Maggi Noodles Are Safe Reveal Food Authorities: Nestle India Shares Soar

Harnoor Channi-Tiwary, NDTV  |  Updated: July 18, 2017 12:51 IST

Maggi Noodles Are Safe Reveal Food Authorities: Nestle India Shares Soar
A month after the Maggi Noodles ban took the country by storm, retests ordered by the Food and Drugs Administration (FDA) found the samples to be safe. Five samples of Maggi noodles sent to a central government-run laboratory in Karnataka for re-analysis have been found safe for consumption, a top health official said on Tuesday but he also refused to give it a clean chit.

(States that Have Banned Maggi Noodles: Story So Far)

As reassuring as this news is, for consumers and shareholders alike, Salim Veljee, Director of the Food and Drugs Administration (FDA), said the negative result did not necessarily mean a clean chit for the company's product because of contrary findings made by other state and central government laboratories. "The samples of these noodles were subjected for a re-analysis of the said five Maggi noodle products at the Goa State Pollution Control Board laboratory at Patto, Panaji and the results of the analysis were found to be consistent with the findings of the Goa FDA Lab in declaring the lead contents to be below the permissible limit of 2.5 ppm and negative for MSG," Veljee said.

(One Brand's Loss is Another One's Gain: How Other Instant Noodle Brands Are Using the Maggi Noodles Controversy to Their Advantage)

On the instructions of the Food Safety and Standard Authority of India, which described the tests conducted in Goa as not up to the mark, fresh Maggi noodles samples were then sent to the Central Food Technological Research Institute in Mysore, Karnataka for another round of tests, which have only now confirmed the Goa FDA's results.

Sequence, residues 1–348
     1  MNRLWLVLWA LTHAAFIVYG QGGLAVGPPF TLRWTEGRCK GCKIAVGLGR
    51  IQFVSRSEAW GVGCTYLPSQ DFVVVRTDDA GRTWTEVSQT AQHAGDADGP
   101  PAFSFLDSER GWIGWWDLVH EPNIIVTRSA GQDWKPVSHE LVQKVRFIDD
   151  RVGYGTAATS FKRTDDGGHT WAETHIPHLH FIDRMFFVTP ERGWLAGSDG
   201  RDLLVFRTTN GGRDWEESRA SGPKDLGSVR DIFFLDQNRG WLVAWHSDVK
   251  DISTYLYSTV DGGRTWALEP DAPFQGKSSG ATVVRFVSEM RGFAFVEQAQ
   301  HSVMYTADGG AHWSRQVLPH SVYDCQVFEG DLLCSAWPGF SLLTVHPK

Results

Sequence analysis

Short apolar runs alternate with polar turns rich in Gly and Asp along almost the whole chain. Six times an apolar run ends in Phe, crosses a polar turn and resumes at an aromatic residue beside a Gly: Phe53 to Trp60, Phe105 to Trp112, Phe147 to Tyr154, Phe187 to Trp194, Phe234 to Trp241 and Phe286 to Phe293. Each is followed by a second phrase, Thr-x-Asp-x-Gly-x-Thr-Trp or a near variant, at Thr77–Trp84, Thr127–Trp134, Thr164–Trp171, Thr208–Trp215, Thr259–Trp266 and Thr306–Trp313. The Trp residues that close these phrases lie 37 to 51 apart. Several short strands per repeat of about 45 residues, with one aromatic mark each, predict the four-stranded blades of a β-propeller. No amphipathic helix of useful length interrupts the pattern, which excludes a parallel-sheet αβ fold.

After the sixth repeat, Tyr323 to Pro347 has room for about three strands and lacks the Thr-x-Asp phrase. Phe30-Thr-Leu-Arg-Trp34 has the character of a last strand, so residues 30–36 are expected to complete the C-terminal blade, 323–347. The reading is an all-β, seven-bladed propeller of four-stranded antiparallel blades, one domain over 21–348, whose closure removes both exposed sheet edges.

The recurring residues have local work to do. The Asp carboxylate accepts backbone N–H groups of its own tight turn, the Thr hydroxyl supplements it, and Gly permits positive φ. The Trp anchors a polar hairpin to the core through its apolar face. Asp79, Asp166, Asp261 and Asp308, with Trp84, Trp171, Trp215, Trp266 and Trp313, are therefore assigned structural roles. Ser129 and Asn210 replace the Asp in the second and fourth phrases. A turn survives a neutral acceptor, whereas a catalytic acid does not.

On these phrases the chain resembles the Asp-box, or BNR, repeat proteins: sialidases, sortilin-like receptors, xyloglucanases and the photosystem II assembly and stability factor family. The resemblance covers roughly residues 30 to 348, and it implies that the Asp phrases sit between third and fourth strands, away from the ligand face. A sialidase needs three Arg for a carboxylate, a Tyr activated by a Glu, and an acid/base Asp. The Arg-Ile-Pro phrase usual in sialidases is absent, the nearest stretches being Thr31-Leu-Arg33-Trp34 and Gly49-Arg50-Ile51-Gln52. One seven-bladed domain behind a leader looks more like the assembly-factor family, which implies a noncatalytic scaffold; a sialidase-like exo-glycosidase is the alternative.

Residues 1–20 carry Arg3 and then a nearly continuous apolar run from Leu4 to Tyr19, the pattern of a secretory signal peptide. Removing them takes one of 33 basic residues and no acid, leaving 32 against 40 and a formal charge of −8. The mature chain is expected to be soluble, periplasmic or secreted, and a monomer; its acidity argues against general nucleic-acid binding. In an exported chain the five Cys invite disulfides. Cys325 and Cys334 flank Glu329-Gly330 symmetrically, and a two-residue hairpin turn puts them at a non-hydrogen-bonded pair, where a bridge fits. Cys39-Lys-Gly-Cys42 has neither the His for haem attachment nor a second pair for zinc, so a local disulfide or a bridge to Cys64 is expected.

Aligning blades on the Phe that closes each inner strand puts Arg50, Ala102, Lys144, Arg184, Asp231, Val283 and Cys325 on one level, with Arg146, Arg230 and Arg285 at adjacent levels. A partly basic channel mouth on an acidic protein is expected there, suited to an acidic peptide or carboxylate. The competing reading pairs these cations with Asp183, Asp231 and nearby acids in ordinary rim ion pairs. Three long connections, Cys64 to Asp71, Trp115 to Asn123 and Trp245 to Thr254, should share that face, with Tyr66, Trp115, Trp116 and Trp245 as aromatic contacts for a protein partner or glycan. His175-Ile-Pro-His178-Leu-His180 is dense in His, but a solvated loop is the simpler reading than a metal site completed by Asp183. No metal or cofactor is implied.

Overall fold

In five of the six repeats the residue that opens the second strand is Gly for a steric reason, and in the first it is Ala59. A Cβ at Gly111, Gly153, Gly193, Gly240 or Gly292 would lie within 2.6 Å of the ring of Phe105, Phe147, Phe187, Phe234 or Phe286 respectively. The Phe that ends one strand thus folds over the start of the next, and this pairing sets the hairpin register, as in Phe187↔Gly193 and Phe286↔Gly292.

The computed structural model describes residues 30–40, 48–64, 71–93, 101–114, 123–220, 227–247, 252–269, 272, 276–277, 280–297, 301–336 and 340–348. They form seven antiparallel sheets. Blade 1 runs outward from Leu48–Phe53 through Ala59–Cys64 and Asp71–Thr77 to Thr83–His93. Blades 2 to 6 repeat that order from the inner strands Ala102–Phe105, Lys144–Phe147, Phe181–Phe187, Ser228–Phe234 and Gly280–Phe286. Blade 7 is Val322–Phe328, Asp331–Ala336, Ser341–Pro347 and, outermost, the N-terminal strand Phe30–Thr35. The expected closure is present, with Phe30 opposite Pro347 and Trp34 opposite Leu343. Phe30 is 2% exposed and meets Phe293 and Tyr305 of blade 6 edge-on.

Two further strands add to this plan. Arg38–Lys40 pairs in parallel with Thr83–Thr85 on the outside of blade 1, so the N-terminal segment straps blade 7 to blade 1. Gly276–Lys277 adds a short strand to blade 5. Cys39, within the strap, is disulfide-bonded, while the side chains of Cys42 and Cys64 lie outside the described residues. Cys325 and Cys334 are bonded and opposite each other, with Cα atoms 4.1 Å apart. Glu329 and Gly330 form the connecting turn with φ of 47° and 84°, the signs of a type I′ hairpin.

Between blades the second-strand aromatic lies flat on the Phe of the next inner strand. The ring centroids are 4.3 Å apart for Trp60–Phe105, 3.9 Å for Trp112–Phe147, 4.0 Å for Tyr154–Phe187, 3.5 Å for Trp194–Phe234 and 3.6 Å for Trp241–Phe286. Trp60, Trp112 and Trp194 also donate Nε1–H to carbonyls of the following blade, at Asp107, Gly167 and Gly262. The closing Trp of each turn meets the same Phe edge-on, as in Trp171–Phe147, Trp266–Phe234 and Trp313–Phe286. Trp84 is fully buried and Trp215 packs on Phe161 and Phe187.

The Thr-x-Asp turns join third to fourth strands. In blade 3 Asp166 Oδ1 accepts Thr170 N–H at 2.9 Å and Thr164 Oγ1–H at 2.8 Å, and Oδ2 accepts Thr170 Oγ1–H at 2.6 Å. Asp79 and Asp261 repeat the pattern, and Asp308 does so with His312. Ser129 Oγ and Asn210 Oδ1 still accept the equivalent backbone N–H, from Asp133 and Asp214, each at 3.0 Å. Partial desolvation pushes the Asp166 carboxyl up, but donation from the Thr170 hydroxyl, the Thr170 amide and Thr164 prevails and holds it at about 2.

(Maggi Mess: Nestle India Reports First Quarterly Loss in 15 Years)

"CFTRI reports re-confirm the consistent analytical results findings of the State FDA Goa laboratory, in which all the said five samples of Nestle's Maggie are declared to be conforming to the requirements of the Food Safety and Standards Rules/Regulation 2011," Veljee said. Lead in all the five samples was "reported to be well below the permissible limit as well as negative for the MSG in the said samples, which analysis was performed separately on the noodles and taste maker", he added.

(We Will Remove 'No MSG' from the Maggi Noodles Label: Nestle's Global CEO)

Encouraged by these recent findings, shares of Nestle India rose sharply by over 10 per cent. The shares of the company jumped 10.17 per cent to Rs 7,000 on BSE. On NSE, the stock rose 10.19 per cent to Rs. 6,998. Maggi used to contribute around 22-25 per cent to the company's topline and 30 per cent to its company's profitability, according to Kotak Institutional Equities. Last month, the company reported its first quarterly loss in at least a decade after many states in India ordered a ban and the country's food safety regulator ordered a recall of Maggi products.

(Excess Lead Found, Food Inspectors Order Recall of Maggi Noodles)

A popular daily also reported that Nestle India is considering beefing up its advertising spends dramatically, to overcome its recent fall in profits. They reported that the company, that has traditionally been conservative about advertising-in 2014, the company spent just 4.48% of sales revenue on advertising and promotion, was looking at increasing the spends to gain back market share.

Listen to the latest songs, only on

(Maggi Noodles Found with Excess Lead: Doctors Respond)

Industry analysts agree that this is one of the strategies that Nestle India may employ to get their balance sheet back on track. Nestle India Ltd will also focus on growing its dairy, coffee and confectionary businesses, its new boss said. Suresh Narayanan, who was named managing director of Nestle India last week, said his priority would be to expand other business segments to reduce the company's reliance on Maggi. 

CommentsWith inputs from PTI & IANS

For the latest food news, health tips and recipes, like us on Facebook or follow us on Twitter and YouTube.